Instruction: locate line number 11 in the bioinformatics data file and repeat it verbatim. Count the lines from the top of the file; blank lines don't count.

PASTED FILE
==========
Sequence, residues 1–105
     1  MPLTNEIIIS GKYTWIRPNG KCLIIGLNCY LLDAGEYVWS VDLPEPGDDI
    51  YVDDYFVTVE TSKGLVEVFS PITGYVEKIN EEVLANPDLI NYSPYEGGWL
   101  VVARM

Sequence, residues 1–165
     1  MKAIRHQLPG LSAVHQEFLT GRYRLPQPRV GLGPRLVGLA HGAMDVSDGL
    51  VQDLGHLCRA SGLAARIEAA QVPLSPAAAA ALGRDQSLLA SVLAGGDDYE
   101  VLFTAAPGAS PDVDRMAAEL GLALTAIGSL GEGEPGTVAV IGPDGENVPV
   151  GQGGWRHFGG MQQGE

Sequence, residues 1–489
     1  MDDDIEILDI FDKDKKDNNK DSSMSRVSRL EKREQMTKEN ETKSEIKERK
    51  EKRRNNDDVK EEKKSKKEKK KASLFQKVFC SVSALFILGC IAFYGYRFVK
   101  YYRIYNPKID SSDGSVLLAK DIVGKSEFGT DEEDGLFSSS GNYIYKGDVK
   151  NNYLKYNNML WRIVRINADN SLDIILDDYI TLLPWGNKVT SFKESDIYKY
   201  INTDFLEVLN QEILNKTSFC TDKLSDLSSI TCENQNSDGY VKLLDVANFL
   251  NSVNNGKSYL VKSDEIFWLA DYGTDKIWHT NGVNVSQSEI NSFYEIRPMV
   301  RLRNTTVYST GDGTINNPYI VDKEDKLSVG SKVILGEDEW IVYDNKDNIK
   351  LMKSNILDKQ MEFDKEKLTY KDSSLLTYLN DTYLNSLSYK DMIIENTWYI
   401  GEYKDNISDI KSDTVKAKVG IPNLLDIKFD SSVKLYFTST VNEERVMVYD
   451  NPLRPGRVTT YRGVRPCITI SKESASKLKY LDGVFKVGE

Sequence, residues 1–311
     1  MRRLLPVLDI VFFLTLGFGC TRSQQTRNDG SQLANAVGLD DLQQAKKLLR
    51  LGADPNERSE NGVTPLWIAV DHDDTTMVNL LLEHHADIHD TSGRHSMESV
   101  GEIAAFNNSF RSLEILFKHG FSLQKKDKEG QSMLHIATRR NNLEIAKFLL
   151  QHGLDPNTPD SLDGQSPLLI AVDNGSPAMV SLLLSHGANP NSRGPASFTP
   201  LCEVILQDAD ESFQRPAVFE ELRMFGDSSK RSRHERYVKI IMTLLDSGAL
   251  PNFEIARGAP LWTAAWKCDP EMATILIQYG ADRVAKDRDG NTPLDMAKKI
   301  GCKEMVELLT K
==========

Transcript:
     1  MDDDIEILDI FDKDKKDNNK DSSMSRVSRL EKREQMTKEN ETKSEIKERK